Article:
• removing part of the following:
    • large intestine or small intestine (called a bowel resection)
    • bladder
    • liver
    • stomach
    • pancreas
  • removing pelvic and abdominal lymph nodes

The surgeon may also place a catheter in the abdominal wall so that chemotherapy drugs can be given directly into the abdominal cavity (intraperitoneal or IP chemotherapy).

Interval surgical debulking

Interval debulking surgery may be done after 2–4 cycles of chemotherapy, if the ovarian cancer responded to the drugs. It may be offered to women:

  • if primary debulking surgery did not remove all or enough of the tumour
  • who have advanced ovarian cancer and there is too much cancer to remove with primary debulking surgery
    • Chemotherapy may shrink the tumours to make it safer and easier for the surgeon to remove them.

Back to top


A salpingo-oophorectomy removes the ovary and Fallopian tube. Salpingo-oophorectomy may be bilateral (the ovaries and Fallopian tubes on both sides are removed) or unilateral (only one ovary and one Fallopian tube on one side are removed).

Back to top


A cystectomy is removal of a cyst. This type of surgery may be done in women who have some early stage tumours in one ovary and a cyst in the other ovary and who want to have children in the future.

Back to top

Palliative surgery

Some surgical procedures may be done to reduce symptoms and relieve pain from advanced or metastatic ovarian cancer:

  • paracentesis – a thin needle or tube is inserted through the skin into the abdominal cavity to remove fluid
  • thoracentesis – a hollow needle is inserted through the skin and between the ribs into the pleural cavity (the space between the lungs and the walls of the chest) to remove fluid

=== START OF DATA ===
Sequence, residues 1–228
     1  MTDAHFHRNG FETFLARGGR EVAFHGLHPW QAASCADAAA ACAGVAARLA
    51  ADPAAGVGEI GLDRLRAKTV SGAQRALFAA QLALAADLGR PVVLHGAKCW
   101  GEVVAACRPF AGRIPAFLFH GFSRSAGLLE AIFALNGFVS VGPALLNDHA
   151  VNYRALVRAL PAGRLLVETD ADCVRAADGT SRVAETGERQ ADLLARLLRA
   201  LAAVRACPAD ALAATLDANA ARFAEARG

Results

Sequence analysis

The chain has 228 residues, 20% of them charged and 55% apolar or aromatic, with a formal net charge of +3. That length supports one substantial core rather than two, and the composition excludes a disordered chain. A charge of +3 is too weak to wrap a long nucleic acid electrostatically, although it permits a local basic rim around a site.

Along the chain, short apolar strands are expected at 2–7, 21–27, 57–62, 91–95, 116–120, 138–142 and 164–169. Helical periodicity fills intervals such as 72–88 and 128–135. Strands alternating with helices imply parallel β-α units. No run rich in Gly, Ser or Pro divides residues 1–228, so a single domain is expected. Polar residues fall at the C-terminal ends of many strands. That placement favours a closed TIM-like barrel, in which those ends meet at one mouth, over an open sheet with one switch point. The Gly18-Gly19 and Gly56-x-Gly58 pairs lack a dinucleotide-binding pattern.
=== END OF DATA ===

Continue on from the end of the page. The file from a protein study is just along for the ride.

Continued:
• placement of a gastrostomy (feeding) tube – a thin, flexible tube is placed into the stomach or intestines
  • placement of a tube (stent) in the small or large intestine to relieve a blockage caused by a tumour (a colostomy may be done if the colon cannot be repaired after a blockage is removed)
  • placement of a stent in the ureter to relieve a blockage caused by a tumour (a ureterostomy may be done if the ureter cannot be repaired after the blockage is removed)

Back to top

See a list of questions to ask your doctor about surgery.


A surgical procedure to create a stoma (artificial opening) from the colon to the outside of the body through the abdominal wall.

A colostomy creates a new path for food waste to leave the body after part of the colon or rectum is removed. A special bag (colostomy bag) is attached to the stoma to collect food waste from the colon.


A surgical procedure to create a stoma (artificial opening) from the ureter to the outside of the body through the abdominal wall.

A ureterostomy creates a new path for urine to leave the body. A special bag (urostomy bag) is attached to the stoma to collect urine.


Dr Shawn Li I’m extremely grateful to the Canadian Cancer Society for funding my research with an Innovation Grant.

Read more

Making progress in the cancer fight

Icon - arrow

The 5-year cancer survival rate has increased from 25% in the 1940s to 60% today.

Learn more